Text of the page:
JECKYLL, Thomas (1827–81). Architect; Designer of Whistler's Peacock Room.
JECKYLL, Thomas 1827–81. Architect; Designer of Whistler's Peacock Room
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Autograph Letter Signed "T. Jeckyll" to "Ionides" [probably one of Alexander "Alec"' Ionides’ four siblings].
4 pages 8vo, 5 St Georges Terrace, Queen's Gate, Saturday morning n.d. [probably 1870, the date of his commission for 1 Holland Park].
Jeckyll is perhaps best known for being the original designer for what has come to be known as Whistler’s famous Peacock Room. It was a commission for the industrialist Frederick Richards Leyland’s house in Prince’s Gate, London and was Jeckyll’s last interiors project. Whilst executing the scheme for the dining room in 1876, Jeckyll consulted Whistler about his plans for the painted shutters and doors. Whistler, who was working simultaneously on other elements of the house, commandeered the project and continued his elaborate decorative scheme into the dining room. Jeckyll became unwell around this time and was unable to finish the project. He went mad and eventually died in an asylum in 1881, which is perhaps a reason that some consider him to be “among the least understood and most tragic Aesthetic Movement figures in England” (Soros, Arbuthnott, Thomas Jeckyll, 2003).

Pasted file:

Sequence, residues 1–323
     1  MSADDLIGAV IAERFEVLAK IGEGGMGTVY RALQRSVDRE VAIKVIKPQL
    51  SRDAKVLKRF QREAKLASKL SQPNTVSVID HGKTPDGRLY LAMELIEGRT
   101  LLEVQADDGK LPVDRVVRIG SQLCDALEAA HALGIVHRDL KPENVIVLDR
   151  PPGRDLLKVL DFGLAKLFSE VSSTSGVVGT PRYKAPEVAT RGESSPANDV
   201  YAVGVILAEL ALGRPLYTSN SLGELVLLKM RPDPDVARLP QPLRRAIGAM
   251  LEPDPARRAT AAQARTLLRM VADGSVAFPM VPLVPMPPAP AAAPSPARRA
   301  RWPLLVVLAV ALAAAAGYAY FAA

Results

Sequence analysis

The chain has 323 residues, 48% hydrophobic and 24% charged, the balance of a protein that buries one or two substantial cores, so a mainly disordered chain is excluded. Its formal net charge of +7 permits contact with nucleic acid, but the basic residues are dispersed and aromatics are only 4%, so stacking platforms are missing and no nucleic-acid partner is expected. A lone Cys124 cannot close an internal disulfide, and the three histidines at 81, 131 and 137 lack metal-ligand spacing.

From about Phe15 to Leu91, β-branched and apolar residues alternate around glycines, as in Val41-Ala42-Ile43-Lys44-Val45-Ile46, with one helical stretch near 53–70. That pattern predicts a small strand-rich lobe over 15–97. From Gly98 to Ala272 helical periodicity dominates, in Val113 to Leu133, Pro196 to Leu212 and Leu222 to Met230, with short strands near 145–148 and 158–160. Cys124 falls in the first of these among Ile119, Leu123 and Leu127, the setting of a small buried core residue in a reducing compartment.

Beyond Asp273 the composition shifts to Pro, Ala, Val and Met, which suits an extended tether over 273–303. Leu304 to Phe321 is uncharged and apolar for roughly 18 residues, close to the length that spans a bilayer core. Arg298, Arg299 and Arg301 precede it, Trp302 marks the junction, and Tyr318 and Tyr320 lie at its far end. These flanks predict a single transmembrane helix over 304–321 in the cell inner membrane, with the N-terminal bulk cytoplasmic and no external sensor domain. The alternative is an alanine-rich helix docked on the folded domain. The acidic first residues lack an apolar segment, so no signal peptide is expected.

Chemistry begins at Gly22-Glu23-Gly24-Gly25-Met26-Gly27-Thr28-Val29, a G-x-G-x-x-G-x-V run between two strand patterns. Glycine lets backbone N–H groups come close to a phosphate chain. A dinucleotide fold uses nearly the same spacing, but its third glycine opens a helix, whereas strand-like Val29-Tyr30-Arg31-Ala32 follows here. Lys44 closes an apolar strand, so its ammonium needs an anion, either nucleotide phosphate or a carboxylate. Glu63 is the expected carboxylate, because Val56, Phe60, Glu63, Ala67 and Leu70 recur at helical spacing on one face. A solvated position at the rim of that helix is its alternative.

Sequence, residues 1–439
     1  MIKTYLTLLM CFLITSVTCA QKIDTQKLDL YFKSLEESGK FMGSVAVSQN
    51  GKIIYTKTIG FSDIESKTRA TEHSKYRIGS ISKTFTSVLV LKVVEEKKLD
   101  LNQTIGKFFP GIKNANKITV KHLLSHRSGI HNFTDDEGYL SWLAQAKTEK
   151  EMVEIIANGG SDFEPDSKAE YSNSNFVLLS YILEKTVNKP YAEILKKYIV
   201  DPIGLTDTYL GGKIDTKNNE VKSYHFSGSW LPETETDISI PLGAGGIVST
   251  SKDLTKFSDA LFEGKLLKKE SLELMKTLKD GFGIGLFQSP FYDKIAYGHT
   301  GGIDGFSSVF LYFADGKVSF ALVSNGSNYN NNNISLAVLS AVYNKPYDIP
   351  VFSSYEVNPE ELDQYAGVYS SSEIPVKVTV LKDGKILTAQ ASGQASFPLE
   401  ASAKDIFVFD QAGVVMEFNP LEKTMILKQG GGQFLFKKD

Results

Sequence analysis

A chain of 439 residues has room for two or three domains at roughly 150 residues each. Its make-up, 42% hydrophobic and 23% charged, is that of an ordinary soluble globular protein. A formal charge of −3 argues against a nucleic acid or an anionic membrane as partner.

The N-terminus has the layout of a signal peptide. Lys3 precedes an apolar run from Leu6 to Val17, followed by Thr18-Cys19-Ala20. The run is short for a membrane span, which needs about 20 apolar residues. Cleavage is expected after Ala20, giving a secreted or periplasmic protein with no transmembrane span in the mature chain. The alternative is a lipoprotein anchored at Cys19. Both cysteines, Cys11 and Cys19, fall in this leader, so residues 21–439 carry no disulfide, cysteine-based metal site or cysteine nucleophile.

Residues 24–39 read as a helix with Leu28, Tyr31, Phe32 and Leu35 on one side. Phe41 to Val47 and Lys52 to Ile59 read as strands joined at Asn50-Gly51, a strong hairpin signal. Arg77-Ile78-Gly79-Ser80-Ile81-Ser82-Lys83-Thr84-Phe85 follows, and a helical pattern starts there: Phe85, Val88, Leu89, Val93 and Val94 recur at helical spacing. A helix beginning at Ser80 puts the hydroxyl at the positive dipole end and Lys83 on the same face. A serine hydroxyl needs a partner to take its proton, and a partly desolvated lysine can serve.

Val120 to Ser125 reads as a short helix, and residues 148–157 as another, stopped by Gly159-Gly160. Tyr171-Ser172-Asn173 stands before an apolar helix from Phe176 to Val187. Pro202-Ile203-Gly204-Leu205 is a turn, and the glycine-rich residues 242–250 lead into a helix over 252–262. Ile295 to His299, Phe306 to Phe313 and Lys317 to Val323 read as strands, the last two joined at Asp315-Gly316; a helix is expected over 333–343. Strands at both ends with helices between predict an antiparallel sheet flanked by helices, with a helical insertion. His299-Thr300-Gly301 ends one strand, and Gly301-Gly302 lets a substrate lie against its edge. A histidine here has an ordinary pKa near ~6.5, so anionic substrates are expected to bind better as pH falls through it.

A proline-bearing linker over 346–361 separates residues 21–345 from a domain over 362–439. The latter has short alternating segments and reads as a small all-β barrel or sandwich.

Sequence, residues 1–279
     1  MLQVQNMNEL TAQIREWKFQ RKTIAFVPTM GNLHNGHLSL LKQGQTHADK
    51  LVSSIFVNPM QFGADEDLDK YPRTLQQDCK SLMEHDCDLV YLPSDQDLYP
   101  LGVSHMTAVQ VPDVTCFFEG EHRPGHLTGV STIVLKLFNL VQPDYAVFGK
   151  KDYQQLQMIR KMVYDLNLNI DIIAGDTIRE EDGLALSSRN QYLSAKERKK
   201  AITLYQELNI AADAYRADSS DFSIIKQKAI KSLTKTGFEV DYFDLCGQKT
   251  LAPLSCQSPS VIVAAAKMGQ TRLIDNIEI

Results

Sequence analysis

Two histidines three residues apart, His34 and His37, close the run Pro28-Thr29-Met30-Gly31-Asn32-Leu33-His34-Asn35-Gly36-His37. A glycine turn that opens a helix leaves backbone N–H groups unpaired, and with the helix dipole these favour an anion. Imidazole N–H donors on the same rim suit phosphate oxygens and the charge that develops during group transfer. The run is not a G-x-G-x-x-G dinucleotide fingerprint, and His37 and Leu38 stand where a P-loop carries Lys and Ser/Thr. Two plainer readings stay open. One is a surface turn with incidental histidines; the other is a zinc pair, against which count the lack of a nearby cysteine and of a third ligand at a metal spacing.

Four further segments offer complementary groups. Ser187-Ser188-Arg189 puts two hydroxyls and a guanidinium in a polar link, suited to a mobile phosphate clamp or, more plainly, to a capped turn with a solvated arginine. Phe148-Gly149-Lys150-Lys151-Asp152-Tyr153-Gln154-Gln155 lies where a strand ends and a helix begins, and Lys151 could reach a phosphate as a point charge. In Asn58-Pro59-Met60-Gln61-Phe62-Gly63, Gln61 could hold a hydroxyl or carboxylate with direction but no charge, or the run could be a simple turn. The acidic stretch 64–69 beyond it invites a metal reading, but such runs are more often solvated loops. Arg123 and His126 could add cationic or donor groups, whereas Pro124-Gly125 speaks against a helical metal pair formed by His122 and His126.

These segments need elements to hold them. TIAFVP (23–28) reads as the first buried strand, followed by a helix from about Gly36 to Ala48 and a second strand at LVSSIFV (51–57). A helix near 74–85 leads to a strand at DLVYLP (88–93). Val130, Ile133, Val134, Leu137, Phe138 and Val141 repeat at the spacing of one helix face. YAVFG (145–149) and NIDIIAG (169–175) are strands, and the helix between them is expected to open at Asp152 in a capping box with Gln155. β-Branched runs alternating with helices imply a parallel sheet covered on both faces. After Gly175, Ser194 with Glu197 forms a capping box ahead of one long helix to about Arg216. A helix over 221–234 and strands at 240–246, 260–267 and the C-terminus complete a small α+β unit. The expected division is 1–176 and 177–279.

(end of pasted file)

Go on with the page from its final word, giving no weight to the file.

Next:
In this letter Jeckyll writes about the decorative tiles intended for the Billiard Room of 1 Holland Park, London, also discussing cost and expense. In 1870 the collector Alexander Constantine Ionides commissioned Jeckyll to design several rooms for this residence, notably the Billiard Room which was in the Anglo-Japanese style and was inset with Japanese paintings. “Alecco wrote me [. . .] to look at some tiles at Wilsons and to buy them to go round the brass grate in the Billiard room if I thought well of them [. . .] they asked me £44.00 for them; and, at last, £35 when I told young Wilson who it was wants them - they [. . .] and will want repair [. . .] I do not know if Alecco has any idea of [. . .] price [. . .] Can you tell me whether your brother would be surprised at my spending £35 [. . .] till the tiles are settled I cannot finish my design for woodwork of chimney piece and the men are waiting. Tell me if in my place you wd buy the £35 worth because I have been half spoiling the work hitherto for sake of saving little sums [. . .] I really do not know Alecco's ideas abt expense.”
The Victoria and Albert museum holds a perspective design for 1, Holland Park’s Billiard Room in its collections. The house was destroyed in the Second World War.
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